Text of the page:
Friday, September 29, 2006

Team Development using MS TFS - Part 1

This is the first part of a 3-part series about MS TFS (Microsoft® Team Foundation Server). Part 2 and Part 3 will follow.
To me, the biggest challenges of enterprise wide projects are managing the artifacts and deliverables in one single place, directing all development efforts toward one target, lack of project’s predictability, and last but not least distributed developments.

I’m mostly talking about development in Microsoft platform. Those who have worked with Rational Suite know how integrated and distributed it is. It allows you to manage all the retirements and their traceability, defects, and all the configurations in one single place. I’ve worked with Rational ClearCase and I must admit, although difficult, it's purely distributed.

That’s why I call the Team System the first grate step from Microsoft toward a real team development.

Now with that, a project manager can monitor everything in one single place and assign tasks and control the progress.
Architects, Testers, and DBAs can now be part of the game.
The initiative I like most in this product is its extensibility and customizability which I’m going to talk about it in one of the future posts of this series. 
A real team development using Microsoft .NET needs three things in term of tools: Visual Studio Team System, Team Foundation Server, and Methodology guideline.

Visual Studio Team System is series of role-based editions of Visual Studio. It offers different versions for three different roles; Architects, Developers, and Testers. Also there is a version called Team Suite that contains the functionalities of all those three versions that is suitable for those individuals that play all those roles in a project. Microsoft has recently released a new version named Team Edition for Database Professionals which is not included in above mentioned versions; even Team Suite.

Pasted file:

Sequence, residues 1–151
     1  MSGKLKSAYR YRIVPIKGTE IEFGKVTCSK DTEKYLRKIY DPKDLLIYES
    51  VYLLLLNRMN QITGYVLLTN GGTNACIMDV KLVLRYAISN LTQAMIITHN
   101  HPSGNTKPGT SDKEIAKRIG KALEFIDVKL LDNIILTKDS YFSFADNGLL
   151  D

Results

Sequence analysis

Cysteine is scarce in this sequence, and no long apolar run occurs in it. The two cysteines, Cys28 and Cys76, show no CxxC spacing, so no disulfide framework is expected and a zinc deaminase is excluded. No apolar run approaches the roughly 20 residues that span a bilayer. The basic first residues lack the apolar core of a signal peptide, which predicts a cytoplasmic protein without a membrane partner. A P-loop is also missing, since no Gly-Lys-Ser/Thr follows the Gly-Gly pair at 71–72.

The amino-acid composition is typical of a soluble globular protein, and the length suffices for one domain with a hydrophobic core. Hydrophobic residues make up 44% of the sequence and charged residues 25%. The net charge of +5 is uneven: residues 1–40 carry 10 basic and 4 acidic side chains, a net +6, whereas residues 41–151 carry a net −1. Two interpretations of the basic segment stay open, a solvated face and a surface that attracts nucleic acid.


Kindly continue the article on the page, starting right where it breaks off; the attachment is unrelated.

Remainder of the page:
Team Foundation Server is the backend engine for Team System that enables team to collaborate. Without TFS there is no team development. It’s this engine that keeps all the team members connected.
You are probably wondering what the Team Explorer in the picture is.
Well, it’s a member component of TFS through which you can explore a team project inside TFS. It can be used as a standalone client or can be integrated with Visual Studio. I should say it’s the client tier of TFS.

About the third piece, a methodology guideline, TFS carries MSF (Microsoft’s process framework) in two forms, Agile MSF and CMMI MSF.
If you need to embed other process guidelines in TFS, RUP for example, you need to use third party tools.
In future parts, I intend to write more about TFS's architecture, how it works, installation and configuration, how to embed RUP’s guideline, and how to manage it.
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